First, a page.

has been found this value is updated.

    Whenever a branch of the tree is chosen, the LP relaxation of the current

    problem will be calculated. The LP relaxation of a binary linear program

    is the solution to the same problem with all binary variables relaxed to

    the interval [0,1]. This means that they are treated as continuous and the

    program becomes a pure linear program and thus solved quickly. The

    solution might not be feasible when the variables are seen as binary, but

    it will provide a lower bound (when minimizing) on the solution.

    If this lower bound is worse than the currently best solution, a better

    solution cannot possibly be found by choosing that branch. The branch is

    cut, and the solver tries some other possibility.

    2.4 The GLPK library

    The GLPK (GNU Linear Programming Kit) library is a freely available

    LP solving library. It can solve pure linear programs as well as

    binary/integer programs and mixed integer programs (MIPs). The

    GLPK library will be used both to model the problem and to solve the

    resulting linear program. A customized solver will be implemented as

    well, but this solver will still use the GLPK library when solving the LP

    relaxation of the programs.

  • 8

    3. Linear programming formulation

    The main objective of this thesis was to provide a linear programming

    model for the problem of query allocation. This model is described in the

    following sections. It will, as with any linear program, consist of the

    objective function followed by a number of constraints. Together they

    will produce a system that, when minimized, outputs an optimal query

    placement given the restrictions in 1.3 Restrictions.

    3.1 Objective function

    The objective is to minimize the number of servers used, while at the

    same time taking the communication costs into consideration. Each

    server used should therefore be represented by adding a cost to the

    objective function. This cost might equal the actual cost of requesting a

    server in a cloud environment, but for simplicity it is simply one in the

    proposed model. The objective function can thus be expressed as:

    Minimize , where

    [ ]

    [ ]

    The c-vector is known beforehand and describes the cost attached to

    using a server, or having to send events from one server to another. The

    x-vector represents the solution to the linear program. qin specifies what

    fraction of query i that are placed on server n. It is continuous in the

    event of a distributable query and binary for non-distributable queries. sn

    specifies whether server n is used or not. It is logically binary, but it will

    be shown in 3.5 Server relaxation constraints that it may be treated as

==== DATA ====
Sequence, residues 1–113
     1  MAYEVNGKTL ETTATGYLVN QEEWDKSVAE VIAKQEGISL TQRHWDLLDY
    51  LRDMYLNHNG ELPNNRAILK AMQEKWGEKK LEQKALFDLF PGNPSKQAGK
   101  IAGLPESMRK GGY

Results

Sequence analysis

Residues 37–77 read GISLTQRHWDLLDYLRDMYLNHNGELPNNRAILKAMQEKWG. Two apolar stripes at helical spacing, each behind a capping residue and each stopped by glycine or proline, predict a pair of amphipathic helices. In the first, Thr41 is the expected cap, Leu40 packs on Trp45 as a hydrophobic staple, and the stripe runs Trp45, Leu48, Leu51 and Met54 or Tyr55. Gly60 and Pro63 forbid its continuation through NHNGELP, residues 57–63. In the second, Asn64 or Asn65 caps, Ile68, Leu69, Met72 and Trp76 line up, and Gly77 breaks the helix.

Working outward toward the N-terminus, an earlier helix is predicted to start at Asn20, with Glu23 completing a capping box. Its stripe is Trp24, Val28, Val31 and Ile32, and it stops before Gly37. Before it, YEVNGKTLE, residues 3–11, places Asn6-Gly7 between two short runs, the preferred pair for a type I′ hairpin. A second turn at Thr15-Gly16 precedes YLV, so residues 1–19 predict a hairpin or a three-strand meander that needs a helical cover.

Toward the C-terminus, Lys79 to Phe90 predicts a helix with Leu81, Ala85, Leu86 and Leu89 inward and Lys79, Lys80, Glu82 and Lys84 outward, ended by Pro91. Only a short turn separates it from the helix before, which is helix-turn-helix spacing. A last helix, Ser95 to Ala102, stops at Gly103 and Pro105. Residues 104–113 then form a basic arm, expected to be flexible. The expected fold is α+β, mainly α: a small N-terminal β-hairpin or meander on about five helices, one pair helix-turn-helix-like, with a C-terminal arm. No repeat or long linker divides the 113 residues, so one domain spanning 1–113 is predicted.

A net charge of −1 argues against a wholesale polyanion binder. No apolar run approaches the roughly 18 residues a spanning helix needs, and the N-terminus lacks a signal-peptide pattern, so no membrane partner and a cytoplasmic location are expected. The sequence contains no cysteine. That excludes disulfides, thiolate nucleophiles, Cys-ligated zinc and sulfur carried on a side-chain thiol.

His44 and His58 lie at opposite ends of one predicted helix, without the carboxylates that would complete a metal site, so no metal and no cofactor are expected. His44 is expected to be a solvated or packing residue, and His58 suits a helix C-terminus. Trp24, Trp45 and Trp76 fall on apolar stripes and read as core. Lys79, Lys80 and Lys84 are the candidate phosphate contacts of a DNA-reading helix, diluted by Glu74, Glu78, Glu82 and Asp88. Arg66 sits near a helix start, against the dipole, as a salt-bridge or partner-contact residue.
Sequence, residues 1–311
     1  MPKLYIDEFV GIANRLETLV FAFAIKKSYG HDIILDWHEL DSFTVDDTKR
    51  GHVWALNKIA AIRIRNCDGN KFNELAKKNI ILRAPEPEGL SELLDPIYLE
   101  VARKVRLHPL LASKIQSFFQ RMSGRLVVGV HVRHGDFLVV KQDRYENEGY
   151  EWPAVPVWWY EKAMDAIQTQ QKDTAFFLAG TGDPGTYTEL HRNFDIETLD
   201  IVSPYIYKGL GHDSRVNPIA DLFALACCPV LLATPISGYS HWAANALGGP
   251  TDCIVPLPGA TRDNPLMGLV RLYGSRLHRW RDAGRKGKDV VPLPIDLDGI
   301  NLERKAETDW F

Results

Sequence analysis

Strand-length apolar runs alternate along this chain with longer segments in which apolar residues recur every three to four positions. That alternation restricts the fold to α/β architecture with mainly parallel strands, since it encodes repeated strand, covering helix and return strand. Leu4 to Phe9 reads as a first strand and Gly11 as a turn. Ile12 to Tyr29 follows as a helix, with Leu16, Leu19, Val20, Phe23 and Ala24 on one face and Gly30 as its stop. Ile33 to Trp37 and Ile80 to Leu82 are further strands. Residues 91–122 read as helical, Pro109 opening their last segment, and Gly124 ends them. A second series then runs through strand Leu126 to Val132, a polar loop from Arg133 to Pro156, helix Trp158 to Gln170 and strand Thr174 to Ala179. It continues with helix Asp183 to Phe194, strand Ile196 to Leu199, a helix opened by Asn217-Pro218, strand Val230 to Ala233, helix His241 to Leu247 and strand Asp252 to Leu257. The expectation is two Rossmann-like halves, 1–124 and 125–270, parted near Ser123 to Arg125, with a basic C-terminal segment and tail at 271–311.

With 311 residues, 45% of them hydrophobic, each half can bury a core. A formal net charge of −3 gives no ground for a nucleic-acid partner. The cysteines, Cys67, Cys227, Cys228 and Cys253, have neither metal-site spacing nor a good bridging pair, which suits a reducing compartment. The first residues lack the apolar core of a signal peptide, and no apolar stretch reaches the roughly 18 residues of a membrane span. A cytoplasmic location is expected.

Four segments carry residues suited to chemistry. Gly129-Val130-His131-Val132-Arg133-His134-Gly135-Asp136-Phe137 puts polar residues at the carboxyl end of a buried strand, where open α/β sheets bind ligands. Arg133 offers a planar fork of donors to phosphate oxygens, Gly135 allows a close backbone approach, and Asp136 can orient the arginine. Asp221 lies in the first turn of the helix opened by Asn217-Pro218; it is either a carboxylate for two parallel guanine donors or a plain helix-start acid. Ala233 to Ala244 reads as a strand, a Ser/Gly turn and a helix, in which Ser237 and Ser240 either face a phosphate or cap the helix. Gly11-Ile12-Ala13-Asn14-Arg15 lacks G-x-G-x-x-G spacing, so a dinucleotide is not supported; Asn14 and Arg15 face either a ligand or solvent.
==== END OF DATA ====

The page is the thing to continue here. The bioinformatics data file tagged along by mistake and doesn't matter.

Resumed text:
continuous if the rest of the problem (the query-variables) is binary

    without losing its binary nature. Each time a server is used we will thus

    add 1*(cost of one server) to the objective function. xijk specifies whether

    query i and query j are both placed on server k. The cost introduced

    when two communicating queries are placed on different servers is more

    easily modeled as a gain when the queries are placed on the same server.

    Each time two communicating queries are placed on the same server a

    small value will thus be subtracted from the objective function. This

    value depends on the fraction of the queries that are placed on this server

    and a communication constant, ci, which describes the gain of placing

    two communicating queries on the same server.

  • 9

    3.2 Memory constraint

    The available memory in one server cannot be exceeded. This means that

    the summarized memory demand for all queries placed on one server

    needs to be less than the capacity of that server.

    With two servers and two queries, this constraint becomes:

    [

    ] [ ]

    Constraint #1. Memory constraint.

    where mi is the memory demand of query i and Cm the memory capacity

    of one server.

    3.3 CPU constraints

    Also, the CPU capacity of one server cannot be exceeded. To make sure

    that each server can handle the combination of queries placed on it, the

    following constraint is introduced:

    [

    ] [

    ]

    Constraint #2. CPU constraint.

    where wi is the CPU demand of query i and Cw the CPU capacity of one

    server.

    In addition, each query needs to be placed in such a way that all

    incoming events can be handled by some server. This is ensured by

    making the constraint that the sum the CPU-weight from all queries

    placed equals the total weight of that query:

    [

    ] [ ]

    Constraint #3. Query placement constraint.

    3.4 Communication cost constraints

    The communication cost is, as earlier mentioned, rather modeled as a

    communication gain when two queries that communicate are placed on